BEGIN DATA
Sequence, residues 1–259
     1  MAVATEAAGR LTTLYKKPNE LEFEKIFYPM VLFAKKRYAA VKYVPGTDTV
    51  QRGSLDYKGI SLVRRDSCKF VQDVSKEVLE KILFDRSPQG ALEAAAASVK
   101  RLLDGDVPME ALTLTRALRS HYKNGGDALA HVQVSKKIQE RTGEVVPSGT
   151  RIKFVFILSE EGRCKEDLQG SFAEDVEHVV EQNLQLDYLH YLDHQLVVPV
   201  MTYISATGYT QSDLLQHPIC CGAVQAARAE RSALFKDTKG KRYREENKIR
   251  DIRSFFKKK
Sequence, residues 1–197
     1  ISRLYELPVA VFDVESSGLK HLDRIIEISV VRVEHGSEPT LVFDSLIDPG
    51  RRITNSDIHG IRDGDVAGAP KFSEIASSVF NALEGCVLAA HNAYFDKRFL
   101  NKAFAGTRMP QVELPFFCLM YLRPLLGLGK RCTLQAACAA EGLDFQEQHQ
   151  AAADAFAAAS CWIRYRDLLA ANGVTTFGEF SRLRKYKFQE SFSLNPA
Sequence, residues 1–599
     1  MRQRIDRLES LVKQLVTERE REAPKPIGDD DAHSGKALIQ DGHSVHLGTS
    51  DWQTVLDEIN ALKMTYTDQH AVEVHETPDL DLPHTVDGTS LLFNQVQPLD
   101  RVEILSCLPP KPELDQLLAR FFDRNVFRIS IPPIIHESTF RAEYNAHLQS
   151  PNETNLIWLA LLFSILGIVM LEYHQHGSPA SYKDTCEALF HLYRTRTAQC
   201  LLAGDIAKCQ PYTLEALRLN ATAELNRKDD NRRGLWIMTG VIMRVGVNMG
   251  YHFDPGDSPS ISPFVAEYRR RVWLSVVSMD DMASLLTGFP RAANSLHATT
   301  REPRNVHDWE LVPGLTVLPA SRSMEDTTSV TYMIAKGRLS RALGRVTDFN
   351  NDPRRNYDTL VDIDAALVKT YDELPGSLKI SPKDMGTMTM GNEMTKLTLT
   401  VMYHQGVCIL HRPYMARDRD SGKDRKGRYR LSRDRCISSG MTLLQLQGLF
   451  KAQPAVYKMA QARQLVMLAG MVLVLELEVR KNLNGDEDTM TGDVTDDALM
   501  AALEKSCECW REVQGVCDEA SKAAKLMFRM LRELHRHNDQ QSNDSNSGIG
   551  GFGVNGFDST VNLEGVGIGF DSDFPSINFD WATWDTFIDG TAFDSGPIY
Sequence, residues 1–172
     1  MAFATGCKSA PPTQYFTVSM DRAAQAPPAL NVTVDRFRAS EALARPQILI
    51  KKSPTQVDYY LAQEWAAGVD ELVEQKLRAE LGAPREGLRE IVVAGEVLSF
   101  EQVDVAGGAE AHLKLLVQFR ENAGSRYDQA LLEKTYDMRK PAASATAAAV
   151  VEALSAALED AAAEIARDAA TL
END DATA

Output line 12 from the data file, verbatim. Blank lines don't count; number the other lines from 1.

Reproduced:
   151  AAADAFAAAS CWIRYRDLLA ANGVTTFGEF SRLRKYKFQE SFSLNPA